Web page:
spirits in a material world (the lazy stitch show)

May 3, 2018 the show “Lazy Stitch” opened.  Organized by artist Cannupa Hanska Luger the promotional material for the show reads “…

AZY STITCH exhibition opened May 3 at Ent Center for Contemporary Art UCCS Galleries of Contemporary Art
Colorado Springs, CO. Organized by Cannupa Hanska Luger with collaborating artists Chip Thomas, Jesse Hazelip, Kali SpitzerKathy Whitman & 1000 Tiny Mirrors. Lazy Stitch is on exhibition through July 21, 2018

Contemporary artists from diverse backgrounds work together in collaboration with artist Cannupa Hanska Luger to present a new exhibition that investigates the interconnectedness of the human story. Through social engagement, public art, monumental sculpture, mural installation, photography, performance and wearable sculptural regalia, Lazy Stitch takes the relationship of the bead and the thread as its context, co-creating narrative about life on this planet.

“What constitutes a bead is the hole. It holds the thread. The voided matter actually creates the function of the object. This void becomes the potential for connection. In this respect, finding value in the relationship between humans acknowledges the importance of intersecting experiences which create a larger narrative.” -Cannupa Hanska Luger

The term lazy stitch describes a sewing methodology often used in Indigenous beadwork. Individual multi-colored beads are threaded and sewn, one row at a time, eventually revealing a complex image when all rows are complete. The lazy stitch is an approach to craft-making, but also represents a value system in which each individual is important to the whole. Lazy Stitch uses this metaphor as a way to explore contemporary issues through collaborative practice, while revealing the potential for collective social agency.”

This past February I spent a weekend with Cannupa, artist Cheyenne Randall and curator Erin Joyce.  It was this time that afforded me the opportunity to learn stories about deities from the Mandan Hidatsa Arikara of North Dakota.  Cannupa gave the framework of the warrior twins Big Medicine and Black Medicine (whom he referred to as “The One Who Checks” and “The One Who Balances”).  For this show he imagined them as spirit guides who returned to the material plane to remind those who know, those who read the signs that it’s time for us to address our environment + social injustices.  Cannupa and Cheyenne spent a day dressed in the regalia Cannupa and his mom, Kathy Whitman made for spirit beings as they went about their day engaging in acts of civil disobedience with the infrastructure of the extractive fossil fuel industry, getting food from a local trading post and getting gas from another trading post.  A day in the life with the hero archetypes…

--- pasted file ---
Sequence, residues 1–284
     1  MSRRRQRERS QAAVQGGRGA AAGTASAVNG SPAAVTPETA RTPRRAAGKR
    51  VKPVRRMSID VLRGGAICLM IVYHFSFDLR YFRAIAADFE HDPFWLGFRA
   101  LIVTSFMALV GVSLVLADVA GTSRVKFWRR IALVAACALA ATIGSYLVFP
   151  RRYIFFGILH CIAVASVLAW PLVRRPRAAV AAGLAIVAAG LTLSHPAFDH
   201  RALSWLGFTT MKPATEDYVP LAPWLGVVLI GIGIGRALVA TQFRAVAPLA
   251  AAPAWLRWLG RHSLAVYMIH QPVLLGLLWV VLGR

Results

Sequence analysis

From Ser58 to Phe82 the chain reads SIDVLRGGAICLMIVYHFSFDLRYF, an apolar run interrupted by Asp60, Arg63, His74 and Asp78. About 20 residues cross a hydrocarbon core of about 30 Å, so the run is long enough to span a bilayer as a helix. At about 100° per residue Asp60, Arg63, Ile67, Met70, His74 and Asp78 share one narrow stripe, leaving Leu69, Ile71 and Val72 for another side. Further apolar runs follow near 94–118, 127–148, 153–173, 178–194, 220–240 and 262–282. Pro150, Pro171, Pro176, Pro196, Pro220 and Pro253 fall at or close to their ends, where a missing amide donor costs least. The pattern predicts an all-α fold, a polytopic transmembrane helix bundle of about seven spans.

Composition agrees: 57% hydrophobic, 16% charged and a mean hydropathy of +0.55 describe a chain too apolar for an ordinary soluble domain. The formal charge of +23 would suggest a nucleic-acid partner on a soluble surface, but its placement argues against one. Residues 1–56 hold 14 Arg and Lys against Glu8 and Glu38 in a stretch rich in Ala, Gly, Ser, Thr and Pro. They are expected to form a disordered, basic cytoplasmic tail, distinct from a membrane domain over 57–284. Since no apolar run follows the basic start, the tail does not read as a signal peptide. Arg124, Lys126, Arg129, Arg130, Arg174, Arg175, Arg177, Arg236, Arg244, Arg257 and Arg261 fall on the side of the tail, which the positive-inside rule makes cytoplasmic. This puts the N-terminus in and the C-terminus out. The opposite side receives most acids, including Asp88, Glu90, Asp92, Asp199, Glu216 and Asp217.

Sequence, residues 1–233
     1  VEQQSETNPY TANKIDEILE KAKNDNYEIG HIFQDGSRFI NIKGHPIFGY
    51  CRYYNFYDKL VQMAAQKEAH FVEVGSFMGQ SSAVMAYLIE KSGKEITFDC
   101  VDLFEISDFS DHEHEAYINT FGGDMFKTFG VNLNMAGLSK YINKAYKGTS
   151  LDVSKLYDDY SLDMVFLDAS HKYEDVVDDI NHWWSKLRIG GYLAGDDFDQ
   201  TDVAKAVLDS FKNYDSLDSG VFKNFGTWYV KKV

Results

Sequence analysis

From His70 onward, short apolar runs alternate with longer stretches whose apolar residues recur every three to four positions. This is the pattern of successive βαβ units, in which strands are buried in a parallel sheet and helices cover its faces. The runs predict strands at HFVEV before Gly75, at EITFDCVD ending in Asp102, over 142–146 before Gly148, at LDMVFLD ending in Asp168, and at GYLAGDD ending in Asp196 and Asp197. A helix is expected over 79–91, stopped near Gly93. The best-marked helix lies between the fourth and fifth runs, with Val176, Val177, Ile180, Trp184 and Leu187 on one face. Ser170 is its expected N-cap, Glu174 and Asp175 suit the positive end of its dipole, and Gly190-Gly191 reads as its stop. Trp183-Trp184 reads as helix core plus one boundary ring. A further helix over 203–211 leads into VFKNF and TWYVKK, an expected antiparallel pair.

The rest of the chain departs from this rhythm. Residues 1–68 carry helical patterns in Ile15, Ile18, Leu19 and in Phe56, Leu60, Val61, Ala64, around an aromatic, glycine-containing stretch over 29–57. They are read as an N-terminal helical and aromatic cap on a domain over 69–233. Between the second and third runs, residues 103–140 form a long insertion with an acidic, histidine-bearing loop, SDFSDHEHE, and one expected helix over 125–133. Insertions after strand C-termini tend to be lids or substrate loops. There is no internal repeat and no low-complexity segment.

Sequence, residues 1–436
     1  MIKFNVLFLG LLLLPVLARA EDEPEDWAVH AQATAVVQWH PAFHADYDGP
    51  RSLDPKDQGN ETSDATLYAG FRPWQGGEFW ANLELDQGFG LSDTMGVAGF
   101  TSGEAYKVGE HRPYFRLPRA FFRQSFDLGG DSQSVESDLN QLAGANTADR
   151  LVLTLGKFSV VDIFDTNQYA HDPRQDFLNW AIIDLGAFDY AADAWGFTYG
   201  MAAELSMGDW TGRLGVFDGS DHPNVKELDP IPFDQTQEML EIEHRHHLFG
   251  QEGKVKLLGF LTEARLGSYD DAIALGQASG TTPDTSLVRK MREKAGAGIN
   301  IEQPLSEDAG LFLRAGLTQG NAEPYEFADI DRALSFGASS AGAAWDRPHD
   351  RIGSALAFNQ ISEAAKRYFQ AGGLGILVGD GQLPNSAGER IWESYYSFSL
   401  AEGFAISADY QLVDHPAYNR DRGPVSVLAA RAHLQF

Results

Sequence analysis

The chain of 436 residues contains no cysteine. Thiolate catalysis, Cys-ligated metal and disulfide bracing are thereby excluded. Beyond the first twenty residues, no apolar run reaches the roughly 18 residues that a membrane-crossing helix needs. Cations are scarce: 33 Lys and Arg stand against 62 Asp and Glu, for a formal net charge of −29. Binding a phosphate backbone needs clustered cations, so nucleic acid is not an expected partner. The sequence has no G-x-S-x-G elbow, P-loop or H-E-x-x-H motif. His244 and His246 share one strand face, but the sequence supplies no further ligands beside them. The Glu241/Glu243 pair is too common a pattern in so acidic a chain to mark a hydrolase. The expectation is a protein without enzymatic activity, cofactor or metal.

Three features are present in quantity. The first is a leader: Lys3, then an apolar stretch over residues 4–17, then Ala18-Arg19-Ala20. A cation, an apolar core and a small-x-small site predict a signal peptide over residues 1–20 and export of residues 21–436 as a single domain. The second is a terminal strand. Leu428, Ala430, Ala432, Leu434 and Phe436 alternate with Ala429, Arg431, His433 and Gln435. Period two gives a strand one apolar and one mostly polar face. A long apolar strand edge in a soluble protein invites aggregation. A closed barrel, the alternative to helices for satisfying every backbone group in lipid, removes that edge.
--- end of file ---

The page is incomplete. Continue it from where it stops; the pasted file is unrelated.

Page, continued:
Lazy Stitch

tintype photo by kali spitzer with the beaded portrait created by cannupa + various communities collaborating with the project by making clay beads.

 

jesse hazelip pasteups of bomber buffaloes

 

 

decorated ceramic buffalo skulls + barbed wire sculpture by cannupa + jesse

 

rope performance by 1000 tiny mirrors

 

 

the warrior twins battling the extractive fossil fuels industry beast

 

Limited edition (50), hand-pulled screen print “spirits in a material world.”  One hundred percent of sales from the first 25 prints sold (at $50/print) resulted in $1250 being donated to the National Women’s Association of Canada.    They state on their website “…The Native Women’s Association of Canada (NWAC) has worked for more than four decades to document the systemic violence impacting Indigenous women, girls, their families, and communities. From 2005 to 2010, NWAC’s Sisters In Spirit (SIS) Initiative confirmed 582 cases of missing and/or murdered Indigenous women and girls over a span of twenty years and worked to raise awareness of this human rights issue. ”  The remaining 25 prints will be sold through Justseeds.org.

Leave a Reply

Fill in your details below or click an icon to log in:

WordPress.com Logo

You are commenting using your WordPress.com account. Log Out /  Change )

Google+ photo

You are commenting using your Google+ account. Log Out /  Change )

Twitter picture

You are commenting using your Twitter account. Log Out /  Change )

Facebook photo

You are commenting using your Facebook account. Log Out /  Change )

Connecting to %s

%d bloggers like this: